The guy on the left is one of our Jazz Fest buddies. We compare notes, sit with each other and he gave us a Duke Ellington quarter the other day. First black man and/or musician on a US coin. About time. Hal is giving one of the coins to the European performers at the Fest and we caught him passing them out to Jonas Kullhammer as we filed into the Xerox Auditorium.
The Jonas Kullhammar Quartet have been together for eleven years. They sound sound that way but they also sound fresh. Jonas jokes with the crowd between songs about looking for a wife in “Beautiful Rochester”. That charm obviously works for him and it may just open doors to their dense, wild, swinging, musically rich music. All four are tremendous players and fun to watch. Our favorite tune of the night was written by the bass player about a former girlfriend. I plan to request that one tonight when we hear them at the Lutheran Church. I’m happy to say I survived this appearance by the band. When they were here five years ago I lost it.
Peggi led the way as we ran from the Xerox Auditorium in order to catch Soren Kjaergaards Optics at the Lutheran Church. The piano player looks like our nephew, Caleb, will in another ten years and we saw him last year in our favorite act of the year, Blake TarTar. He is a delicate and delightful piano player. The great Andrew Cyrille was on drums and contributed the perfect accompaniment to these abstract and beautiful pieces.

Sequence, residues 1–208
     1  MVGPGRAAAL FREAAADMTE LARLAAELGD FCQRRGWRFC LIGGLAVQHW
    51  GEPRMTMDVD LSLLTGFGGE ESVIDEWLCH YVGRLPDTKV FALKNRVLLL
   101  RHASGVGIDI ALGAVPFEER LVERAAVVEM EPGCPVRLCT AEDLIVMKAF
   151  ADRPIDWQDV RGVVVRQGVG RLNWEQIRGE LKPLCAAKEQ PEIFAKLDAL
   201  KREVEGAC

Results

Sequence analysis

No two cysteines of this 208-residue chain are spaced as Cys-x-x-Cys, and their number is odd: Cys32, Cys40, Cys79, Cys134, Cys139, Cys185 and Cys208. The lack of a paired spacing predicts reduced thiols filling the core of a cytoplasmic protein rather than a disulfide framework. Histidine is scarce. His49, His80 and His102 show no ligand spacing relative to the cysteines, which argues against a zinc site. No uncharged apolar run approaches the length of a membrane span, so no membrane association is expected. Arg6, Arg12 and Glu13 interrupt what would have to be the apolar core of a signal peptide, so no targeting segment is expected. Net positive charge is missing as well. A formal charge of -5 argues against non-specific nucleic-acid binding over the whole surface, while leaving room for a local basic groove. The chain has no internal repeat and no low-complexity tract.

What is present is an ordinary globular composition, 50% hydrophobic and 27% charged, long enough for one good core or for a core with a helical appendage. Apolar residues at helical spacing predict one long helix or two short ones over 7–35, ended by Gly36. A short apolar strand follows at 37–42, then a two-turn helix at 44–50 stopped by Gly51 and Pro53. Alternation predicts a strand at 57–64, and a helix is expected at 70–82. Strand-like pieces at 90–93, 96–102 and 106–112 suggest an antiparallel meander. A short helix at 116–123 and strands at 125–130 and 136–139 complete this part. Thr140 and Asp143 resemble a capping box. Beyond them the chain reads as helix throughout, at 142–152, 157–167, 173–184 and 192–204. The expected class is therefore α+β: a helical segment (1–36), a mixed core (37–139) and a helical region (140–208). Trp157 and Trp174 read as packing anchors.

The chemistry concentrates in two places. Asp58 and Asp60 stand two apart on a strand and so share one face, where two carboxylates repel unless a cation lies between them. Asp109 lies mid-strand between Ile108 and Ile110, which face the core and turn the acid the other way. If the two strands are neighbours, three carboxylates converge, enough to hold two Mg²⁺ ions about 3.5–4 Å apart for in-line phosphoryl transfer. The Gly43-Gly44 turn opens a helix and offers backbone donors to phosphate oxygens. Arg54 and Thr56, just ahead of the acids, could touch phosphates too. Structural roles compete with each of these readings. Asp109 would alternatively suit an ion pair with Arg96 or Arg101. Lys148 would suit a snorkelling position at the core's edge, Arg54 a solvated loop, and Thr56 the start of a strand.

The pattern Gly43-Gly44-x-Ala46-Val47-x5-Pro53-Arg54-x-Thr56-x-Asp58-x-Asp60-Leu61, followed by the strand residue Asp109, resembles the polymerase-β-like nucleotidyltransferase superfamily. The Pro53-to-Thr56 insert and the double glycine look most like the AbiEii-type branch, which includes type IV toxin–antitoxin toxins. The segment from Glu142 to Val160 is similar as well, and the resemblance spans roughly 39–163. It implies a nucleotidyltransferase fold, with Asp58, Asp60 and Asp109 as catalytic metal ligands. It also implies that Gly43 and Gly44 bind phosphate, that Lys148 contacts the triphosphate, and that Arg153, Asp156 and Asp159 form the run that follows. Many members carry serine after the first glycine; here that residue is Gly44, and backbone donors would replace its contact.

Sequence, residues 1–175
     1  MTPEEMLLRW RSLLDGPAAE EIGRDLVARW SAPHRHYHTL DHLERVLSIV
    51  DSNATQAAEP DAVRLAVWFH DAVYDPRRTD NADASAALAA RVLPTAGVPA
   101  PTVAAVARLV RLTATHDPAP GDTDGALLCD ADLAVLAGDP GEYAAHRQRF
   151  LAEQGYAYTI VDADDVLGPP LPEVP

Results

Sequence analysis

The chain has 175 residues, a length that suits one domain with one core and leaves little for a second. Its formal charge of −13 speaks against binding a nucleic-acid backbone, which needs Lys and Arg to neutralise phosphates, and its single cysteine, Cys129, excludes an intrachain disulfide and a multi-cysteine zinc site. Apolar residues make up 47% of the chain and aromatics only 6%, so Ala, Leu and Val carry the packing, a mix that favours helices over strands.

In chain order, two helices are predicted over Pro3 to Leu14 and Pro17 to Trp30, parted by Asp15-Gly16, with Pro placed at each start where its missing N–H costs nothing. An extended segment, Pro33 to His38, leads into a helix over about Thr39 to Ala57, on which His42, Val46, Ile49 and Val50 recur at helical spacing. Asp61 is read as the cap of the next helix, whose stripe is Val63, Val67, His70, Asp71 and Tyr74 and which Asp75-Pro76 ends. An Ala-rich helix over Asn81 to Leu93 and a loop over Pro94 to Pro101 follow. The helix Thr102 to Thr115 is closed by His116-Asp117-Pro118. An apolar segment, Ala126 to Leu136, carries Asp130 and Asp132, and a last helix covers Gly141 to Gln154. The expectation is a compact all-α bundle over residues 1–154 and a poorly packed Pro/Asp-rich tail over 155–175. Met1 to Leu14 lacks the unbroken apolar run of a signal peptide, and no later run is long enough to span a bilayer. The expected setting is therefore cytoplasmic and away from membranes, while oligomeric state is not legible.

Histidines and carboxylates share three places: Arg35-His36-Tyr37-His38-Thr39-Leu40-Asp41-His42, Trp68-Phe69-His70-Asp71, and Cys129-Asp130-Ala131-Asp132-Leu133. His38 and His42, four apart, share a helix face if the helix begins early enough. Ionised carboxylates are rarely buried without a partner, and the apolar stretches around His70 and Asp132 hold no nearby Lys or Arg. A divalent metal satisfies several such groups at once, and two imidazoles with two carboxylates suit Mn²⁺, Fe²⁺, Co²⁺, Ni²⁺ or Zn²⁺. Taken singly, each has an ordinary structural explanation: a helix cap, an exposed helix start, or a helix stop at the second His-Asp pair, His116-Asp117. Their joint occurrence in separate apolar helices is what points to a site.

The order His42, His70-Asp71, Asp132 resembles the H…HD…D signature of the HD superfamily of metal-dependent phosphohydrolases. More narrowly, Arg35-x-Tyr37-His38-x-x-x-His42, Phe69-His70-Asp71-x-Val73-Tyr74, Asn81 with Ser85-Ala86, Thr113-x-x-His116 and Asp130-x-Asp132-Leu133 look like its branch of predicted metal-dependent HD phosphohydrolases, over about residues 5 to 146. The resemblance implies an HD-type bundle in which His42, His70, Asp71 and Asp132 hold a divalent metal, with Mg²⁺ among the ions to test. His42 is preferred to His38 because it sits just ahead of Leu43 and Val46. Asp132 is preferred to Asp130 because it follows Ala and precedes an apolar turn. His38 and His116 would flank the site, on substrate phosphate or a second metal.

We caught a bit of Stephane Wrembel Trio on the free street stage. I dug the guys unusual drum set up. World music drums that he mostly played with brushes. The bass payer looked like a young Bob Dylan. The band is from France and is not a trio. There was another guitar player out of range of my camera. They sounded like they have played their gypsy jazz music a million times.
We stood outside Christ Church for a while because the Neil Cowley Trio had filled the place. While waiting one of the volunteer workers told us that there was plenty of room over at Max’s because people were leaving in droves after each song. She described their music as “very contemporary”, the way some people describe abstract art that hate. We took this as a good review and made a mental note to check them out. Neil Cowley Trio are pegged as the British Bad Plus and that sort of works. The Bad Plus, though, are more rambunctious and unpredictable.
Jon Ballantyne Trio was abstract. No bass player in a trio will clear the air. Jon Ballantyne played the inside of the piano as well as the keys and the drummer bowed a metal percussion instrument while the bass clarinet explored the wide range of this long instrument. It was the perfect way to end the night.
My 2009 Jazz Fest notes are kept here.